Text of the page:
Leave ex-felons’ rights alone | Editorial

Ex-felons Lance Wissinger and Permon Thomas hug as they fill out their voter registration forms at the Lee County Supervisor of Elections office. Activist Neil Volz looks on.
Ex-felons Lance Wissinger and Permon Thomas hug as they fill out their voter registration forms at the Lee County Supervisor of Elections office. Activist Neil Volz looks on. Getty Images

We have said it before, several times, but recent events in Tallahassee are forcing us to repeat ourselves: Amendment 4, which automatically restores many ex-prisoners the right to vote upon satisfying the conditions of their sentences, is complete as is.

But Republican state legislators are intent on undermining Floridians’ will. Lawmakers are setting themselves up to subvert democracy in this state — again.

Legislators are chipping away at the rights voters granted ex-felons in November when they approved this constitutional amendment by almost 65 percent. They said Florida’s 1.5 million former prisoners who had paid their debt to society — and were not murderers or sex offenders — could automatically regain their right to vote. Simple as that.

Republican lawmakers want to make it complicated, to their benefit. Last week, the House Criminal Justice Subcommittee approved a bill that would help keep in place the decades-long disenfranchisement that the constitutional amendment meant to correct.

In a straight party-line vote, the subcommittee approved a measure to “clarify” what voters approved. It would: Let’s be it clear: As written, Amendment 4 does not require clarification., it does not not require payment of court costs or fines before the ex-felons’ voting rights are restored, no doubt a scary proposition for Republicans.

<bullet>Require ex-felons pay all court fees and fines before being eligible. Sounds like a poll tax, to us.

<bullet>Require the Department of Corrections to notify each inmate of his or her obligations before being released.

<bullet>Define “felony sexual offenses” to include a wider array of crimes, including prostitution, clearly overreaching.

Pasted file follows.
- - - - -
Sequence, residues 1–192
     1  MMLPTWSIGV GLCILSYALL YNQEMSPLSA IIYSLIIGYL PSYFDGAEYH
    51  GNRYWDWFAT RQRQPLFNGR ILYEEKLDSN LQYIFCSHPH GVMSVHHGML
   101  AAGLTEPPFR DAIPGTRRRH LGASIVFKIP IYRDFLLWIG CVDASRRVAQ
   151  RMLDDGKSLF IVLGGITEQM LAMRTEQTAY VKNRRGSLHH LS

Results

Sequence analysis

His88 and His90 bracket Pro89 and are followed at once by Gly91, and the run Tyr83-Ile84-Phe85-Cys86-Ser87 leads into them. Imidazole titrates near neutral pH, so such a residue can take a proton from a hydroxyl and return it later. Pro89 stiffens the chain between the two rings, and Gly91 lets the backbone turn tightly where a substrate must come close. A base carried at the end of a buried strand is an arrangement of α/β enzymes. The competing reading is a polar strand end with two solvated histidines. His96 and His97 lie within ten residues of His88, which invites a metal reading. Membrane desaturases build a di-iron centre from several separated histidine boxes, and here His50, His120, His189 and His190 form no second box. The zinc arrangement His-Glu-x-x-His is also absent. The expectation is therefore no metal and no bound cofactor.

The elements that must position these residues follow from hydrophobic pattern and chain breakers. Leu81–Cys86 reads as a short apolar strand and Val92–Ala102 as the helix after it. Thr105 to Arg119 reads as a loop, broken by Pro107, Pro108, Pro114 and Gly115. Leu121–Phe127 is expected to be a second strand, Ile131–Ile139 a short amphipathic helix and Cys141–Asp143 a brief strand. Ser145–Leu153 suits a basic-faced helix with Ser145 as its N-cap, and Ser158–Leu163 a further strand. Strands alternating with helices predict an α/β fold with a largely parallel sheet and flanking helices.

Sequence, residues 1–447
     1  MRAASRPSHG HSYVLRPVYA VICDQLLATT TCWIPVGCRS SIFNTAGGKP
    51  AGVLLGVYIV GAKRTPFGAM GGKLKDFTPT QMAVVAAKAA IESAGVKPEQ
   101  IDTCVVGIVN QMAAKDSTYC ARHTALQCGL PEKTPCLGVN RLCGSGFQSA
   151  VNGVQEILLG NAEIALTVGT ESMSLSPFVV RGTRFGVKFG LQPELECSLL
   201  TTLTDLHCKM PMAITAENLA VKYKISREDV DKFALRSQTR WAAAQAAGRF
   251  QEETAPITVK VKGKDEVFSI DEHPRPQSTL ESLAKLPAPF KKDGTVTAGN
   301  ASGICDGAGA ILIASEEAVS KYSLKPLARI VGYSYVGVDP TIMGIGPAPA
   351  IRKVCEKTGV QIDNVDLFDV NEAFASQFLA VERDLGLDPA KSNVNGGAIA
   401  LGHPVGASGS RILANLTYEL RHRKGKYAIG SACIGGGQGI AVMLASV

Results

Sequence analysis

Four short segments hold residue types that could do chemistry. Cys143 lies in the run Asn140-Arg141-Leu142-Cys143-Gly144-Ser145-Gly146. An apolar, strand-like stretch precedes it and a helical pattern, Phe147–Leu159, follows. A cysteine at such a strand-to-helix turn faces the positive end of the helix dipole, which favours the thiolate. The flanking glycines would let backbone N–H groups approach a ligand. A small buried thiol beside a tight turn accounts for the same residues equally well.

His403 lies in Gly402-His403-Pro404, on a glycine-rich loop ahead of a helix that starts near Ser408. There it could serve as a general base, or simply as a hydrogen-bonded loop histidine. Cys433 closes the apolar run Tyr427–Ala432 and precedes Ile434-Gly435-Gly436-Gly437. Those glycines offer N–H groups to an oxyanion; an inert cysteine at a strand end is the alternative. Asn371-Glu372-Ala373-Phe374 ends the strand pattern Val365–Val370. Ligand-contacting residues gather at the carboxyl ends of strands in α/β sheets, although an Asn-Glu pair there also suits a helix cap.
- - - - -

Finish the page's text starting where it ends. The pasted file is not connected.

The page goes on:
<bullet>Require Florida’s secretary of State to set up a process for determining which ex-felons are eligible to vote. We already have a process, the misbegotten Clemency Board. We suspect this proposal won’t improve things.

Worse, a version of the bill in the Florida Senate could now construe “murder” to include attempted murder and manslaughter.

Ex-felons, largely poor, African American or Hispanic, may not be able to meet all those requirements. And, of course, that’s the point. Republican administrations have for too long worked to suppress the vote of young people, senior citizens, African Americans and many Hispanics, keeping those likely to vote Democratic from the polls. And they’ve done by any means necessary, from cutting the number and the hours of early voting sites in minority neighborhoods to clinging to the state’s Clemency Board, an arbritary and unfair process for restoring ex-felons’ voting rights.

Except for a few enlightened periods of loosened restrictions, Florida’s been at it for more than 150 years. In 1868, Congress forced Florida to rewrite its constitution to allow every man the right to vote. But adding thousands of newly eligible black residents to the rolls would have made whites a voting minority. Lawmakers in Tallahassee found a solution: a lifetime voting ban on anyone with a felony conviction. Not until last year did voters erase this racist law.

The clearing of the throat on Amendment 4 began with new Republican Florida Gov. Ron DeSantis. Soon after he was sworn in, he said Amendment 4 would require the Legislature to pass implementing legislation before it could take effect.

Amendment 4 advocates said nonsense — and so do we. Desmond Meade, head of the Florida Rights Restoration Coalition, and a leader in the fight for ex-felons, said: “We think legislators supporting these measures should stop their meddling, or those same voters are likely to remember them.”

We’ll say it again: Floridians knew what they were voting for when they approved Amendment 4. Lawmakers should not subvert their intent.